Resources section for some recommended
introductory articles. No familiarity with cryptographic encryption
or decryption algorithms is assumed.

Custom JSTL Tag

Rather than have developers repetitiously writing the common
functionality found in nearly all Java-based web applications, Sun
released the JSP
Standard Tag Library (JSTL)
. Encouraging developers to move
away from the Model 1 style of development with scriptlets, JSTL
provides a standard implementation and usage syntax of this common
functionality in the form of JSP tag libraries. JSTL has been
widely adopted throughout the industry and other
model-view-controller (MVC) frameworks, such as "http://www.springframework.org/">Spring Web MVC; Struts 1 and "http://struts.apache.org/2.x/">2, have similar libraries.

One of the commonly used JSTL tags is the
<c:url> tag, which is used to generate URLs
within the application. Out of the box, the
<c:url> tag offers prepending the name of the
application's context path for creating absolute URL references,
session management through URL rewriting, and URL encoding of
request parameters. The <c:url> tag can
optionally accept parameters, which it will use to dynamically
generate the resulting URL.

Because JSTL tags themselves are Java classes, they can be
extended to provide customized or enhanced functionality. In this
particular case, it is the <c:url> tag's ability
to URL encode request parameters we are interested in overriding.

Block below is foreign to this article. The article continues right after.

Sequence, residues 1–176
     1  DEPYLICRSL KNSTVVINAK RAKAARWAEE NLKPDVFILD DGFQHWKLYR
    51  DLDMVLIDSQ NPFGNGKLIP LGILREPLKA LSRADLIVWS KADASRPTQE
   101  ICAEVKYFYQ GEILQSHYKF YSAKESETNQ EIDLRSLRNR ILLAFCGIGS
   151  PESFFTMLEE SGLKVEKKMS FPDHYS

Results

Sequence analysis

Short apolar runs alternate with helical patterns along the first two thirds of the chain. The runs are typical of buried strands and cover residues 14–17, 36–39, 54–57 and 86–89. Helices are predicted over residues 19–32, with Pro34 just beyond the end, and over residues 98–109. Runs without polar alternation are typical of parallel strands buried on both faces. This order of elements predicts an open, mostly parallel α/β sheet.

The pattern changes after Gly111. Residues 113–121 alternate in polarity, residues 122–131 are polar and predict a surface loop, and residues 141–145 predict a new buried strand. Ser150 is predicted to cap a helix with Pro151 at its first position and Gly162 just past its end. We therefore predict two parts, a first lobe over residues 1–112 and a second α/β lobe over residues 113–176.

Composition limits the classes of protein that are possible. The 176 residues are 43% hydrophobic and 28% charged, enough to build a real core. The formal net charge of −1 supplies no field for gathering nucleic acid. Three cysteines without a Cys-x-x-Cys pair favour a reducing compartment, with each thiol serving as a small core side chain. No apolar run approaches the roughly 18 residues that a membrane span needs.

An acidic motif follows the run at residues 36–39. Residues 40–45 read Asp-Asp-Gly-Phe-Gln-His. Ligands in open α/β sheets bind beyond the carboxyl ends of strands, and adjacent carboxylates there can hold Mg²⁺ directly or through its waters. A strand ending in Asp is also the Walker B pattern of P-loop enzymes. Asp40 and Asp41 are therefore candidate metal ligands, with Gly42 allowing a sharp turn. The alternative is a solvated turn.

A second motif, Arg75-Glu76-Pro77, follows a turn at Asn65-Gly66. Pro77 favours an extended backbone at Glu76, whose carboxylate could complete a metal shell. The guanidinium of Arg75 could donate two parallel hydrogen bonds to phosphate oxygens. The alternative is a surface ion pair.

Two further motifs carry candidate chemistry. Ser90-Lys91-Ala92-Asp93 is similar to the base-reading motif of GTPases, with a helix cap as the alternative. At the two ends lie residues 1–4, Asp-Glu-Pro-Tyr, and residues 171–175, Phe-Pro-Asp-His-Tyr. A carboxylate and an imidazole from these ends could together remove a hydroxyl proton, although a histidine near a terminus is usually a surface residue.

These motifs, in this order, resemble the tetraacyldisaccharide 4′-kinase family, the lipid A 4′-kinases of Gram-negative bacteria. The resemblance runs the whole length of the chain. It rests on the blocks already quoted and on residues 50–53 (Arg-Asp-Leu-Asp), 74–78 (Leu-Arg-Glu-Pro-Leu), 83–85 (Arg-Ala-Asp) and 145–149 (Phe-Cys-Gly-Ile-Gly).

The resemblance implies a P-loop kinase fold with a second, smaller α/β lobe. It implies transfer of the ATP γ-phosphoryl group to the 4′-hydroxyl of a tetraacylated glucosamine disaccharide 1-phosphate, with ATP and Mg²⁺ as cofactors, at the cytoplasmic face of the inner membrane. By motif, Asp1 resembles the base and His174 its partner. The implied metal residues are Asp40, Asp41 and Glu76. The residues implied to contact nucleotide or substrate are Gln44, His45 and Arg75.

But before discussing how we're going to implement the new
functionality, let's cover conceptually how the
<c:url> tag performs URL encoding. Each request
parameter is composed of a name-value pair, such as:

[prettify]index.jsp?client_id=1824-67-04-F9#4$&amp;client_name=Big Box Company
[/prettify]

To perform URL encoding, the <c:url> tag
takes each individual request parameter value and passes it to a
class that converts the value into the
application/x-www-form-urlencoded MIME format (see the
Java API and URLEncoder for more information). Next,
this updated name-value pair is appended onto a String
containing any previously encoded name-value pairs. The process is
repeated for each name-value pair and after all have been
processed. The aggregated String represents the URL
encoded query String of the request. After encoding,
the previous example is:

[prettify]index.jsp?client_id=1824-67-04-F9%234%24&amp;client_name=Big+Box+Company